Fort Totten Park

Thorne-Wilkins Cemetery

This text is part of Parks’ Historical Signs Project and can be found posted within the park.

The Thorne-Wilkins Cemetery is located on the grounds of Fort Totten at Willets Point and dates to the 17th century. The property’s earliest settler, Englishman William Thorne Sr. (1617-1664), settled this area and established his farm on the point of land in 1645, calling it Thorne’s Neck. He along with seventeen other men founded “Vlissingen,” known today as Flushing, Queens. William Thorne Sr. was also one of the thirty signers of the 1657 Flushing Remonstrance, the first document for religious freedom in America and regarded as the precursor to the United States’ Bill of Rights.

The property passed through six generations of the Thorne-Wilkins family, before it was sold to Charles Willets (1781-1833) in November 16, 1829. With the purchase, the land became known as Willets Point, but the Thorne-Wilkins burial ground remained the family’s domain to ensure the graves remained undisturbed. Starting in 1852, the land passed through several hands, but documents reiterated the cemetery exemption.

Between April 1857 and April 1863, the United States Government acquired the properties to create Fort Totten, which hosted a series of military services until a large portion of the land was secured by NYC Parks in 2001.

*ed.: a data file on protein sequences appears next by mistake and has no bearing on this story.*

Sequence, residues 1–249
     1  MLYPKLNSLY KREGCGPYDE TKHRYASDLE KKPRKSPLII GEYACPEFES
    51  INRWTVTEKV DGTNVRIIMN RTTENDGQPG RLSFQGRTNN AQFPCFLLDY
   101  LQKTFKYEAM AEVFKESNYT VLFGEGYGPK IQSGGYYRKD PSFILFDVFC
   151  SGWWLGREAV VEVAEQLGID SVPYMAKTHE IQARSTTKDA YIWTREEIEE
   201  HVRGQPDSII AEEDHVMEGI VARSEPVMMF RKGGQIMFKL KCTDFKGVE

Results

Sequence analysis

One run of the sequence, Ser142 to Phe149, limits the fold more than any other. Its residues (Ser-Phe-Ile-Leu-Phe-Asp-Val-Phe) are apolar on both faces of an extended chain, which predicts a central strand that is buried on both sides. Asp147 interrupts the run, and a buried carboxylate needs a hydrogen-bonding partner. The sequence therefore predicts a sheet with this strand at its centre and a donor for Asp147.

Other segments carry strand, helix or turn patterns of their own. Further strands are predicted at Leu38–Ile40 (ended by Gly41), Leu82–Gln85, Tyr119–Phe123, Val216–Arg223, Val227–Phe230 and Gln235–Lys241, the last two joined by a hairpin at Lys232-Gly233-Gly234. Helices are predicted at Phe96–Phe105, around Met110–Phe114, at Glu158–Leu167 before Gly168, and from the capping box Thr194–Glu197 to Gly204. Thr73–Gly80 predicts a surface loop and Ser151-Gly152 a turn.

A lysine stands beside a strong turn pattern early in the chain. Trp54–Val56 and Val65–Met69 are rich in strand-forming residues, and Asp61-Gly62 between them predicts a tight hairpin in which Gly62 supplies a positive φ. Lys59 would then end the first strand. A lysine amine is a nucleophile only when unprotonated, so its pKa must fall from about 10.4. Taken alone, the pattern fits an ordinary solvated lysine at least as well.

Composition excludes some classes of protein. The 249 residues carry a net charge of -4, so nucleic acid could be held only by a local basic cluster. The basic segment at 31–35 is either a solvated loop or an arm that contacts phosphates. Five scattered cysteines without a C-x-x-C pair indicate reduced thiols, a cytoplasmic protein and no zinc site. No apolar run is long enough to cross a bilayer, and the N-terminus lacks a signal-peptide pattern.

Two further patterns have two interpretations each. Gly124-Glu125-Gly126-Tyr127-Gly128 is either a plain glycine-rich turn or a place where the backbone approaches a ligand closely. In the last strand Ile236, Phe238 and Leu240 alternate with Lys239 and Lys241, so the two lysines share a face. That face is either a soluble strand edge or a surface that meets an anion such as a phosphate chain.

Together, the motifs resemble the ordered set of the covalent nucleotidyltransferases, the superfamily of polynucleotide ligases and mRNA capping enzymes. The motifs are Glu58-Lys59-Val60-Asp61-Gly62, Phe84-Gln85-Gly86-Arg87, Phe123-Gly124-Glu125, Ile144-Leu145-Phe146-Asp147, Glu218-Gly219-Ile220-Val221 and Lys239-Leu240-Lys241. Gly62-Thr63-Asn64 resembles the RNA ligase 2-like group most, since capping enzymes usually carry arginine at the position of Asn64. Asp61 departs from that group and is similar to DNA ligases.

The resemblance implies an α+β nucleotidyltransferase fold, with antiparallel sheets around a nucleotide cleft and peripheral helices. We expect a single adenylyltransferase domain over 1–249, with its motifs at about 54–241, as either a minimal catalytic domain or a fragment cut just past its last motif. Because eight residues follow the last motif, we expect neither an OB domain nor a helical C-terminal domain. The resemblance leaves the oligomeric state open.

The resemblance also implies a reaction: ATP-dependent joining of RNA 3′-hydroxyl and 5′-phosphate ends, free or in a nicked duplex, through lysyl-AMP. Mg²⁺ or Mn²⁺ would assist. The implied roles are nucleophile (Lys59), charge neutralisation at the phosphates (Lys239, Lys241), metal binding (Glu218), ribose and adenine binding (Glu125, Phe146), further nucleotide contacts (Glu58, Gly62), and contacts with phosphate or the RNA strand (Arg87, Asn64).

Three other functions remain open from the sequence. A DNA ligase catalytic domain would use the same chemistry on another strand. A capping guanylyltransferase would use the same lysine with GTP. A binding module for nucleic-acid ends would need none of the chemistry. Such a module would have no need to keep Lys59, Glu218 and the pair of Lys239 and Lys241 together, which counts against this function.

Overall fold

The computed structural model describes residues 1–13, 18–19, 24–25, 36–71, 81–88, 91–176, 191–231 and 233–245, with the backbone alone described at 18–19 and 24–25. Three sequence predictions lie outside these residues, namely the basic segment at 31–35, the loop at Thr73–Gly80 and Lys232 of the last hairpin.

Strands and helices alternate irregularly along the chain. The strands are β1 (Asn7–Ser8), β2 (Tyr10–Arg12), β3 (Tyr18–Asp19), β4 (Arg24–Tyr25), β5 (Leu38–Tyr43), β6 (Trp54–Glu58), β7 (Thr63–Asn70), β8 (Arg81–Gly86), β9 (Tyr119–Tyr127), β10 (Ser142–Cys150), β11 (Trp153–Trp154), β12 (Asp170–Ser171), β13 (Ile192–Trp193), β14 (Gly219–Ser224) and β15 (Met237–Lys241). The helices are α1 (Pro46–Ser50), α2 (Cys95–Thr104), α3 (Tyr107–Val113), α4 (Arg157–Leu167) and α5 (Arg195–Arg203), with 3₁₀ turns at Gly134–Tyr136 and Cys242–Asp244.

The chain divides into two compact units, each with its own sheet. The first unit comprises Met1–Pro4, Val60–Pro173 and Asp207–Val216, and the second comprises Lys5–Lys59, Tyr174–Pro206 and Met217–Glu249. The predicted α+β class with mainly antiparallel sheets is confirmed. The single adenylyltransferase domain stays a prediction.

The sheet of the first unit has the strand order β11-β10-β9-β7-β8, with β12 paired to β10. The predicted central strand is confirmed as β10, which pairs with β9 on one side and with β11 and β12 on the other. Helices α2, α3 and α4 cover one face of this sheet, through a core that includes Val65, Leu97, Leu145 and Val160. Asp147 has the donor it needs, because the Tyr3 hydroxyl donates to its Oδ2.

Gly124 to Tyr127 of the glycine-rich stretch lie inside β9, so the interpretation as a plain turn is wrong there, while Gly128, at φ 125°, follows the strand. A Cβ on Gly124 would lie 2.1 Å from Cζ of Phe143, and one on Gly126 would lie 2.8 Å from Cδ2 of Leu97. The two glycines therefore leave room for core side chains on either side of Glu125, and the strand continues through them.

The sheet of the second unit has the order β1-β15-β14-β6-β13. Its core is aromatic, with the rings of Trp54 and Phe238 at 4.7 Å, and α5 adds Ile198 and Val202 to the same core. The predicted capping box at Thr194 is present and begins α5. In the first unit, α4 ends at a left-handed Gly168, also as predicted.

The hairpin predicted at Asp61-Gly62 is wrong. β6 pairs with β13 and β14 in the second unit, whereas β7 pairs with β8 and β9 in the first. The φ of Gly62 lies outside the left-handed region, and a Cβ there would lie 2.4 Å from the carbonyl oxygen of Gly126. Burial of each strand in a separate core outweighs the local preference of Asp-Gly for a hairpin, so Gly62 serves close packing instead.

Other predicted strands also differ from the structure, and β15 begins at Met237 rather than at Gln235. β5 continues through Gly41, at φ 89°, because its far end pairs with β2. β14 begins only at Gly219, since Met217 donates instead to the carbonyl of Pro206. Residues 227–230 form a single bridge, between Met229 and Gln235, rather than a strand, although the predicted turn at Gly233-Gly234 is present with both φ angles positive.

Today, Charles Willets’ memorial stone stands on the site of the burial ground, but records show his body was reinterred in Greenwood Cemetery, Brooklyn in 1855. Willets’ stone on the former fort property does not mark his actual grave, but documents the possible former burial place of the namesake of the Willets Point. Historic deeds, surveys, and maps suggest the marker actually identifies the location of the small family burial ground of the property’s original owners: the Thorne-Wilkins family.

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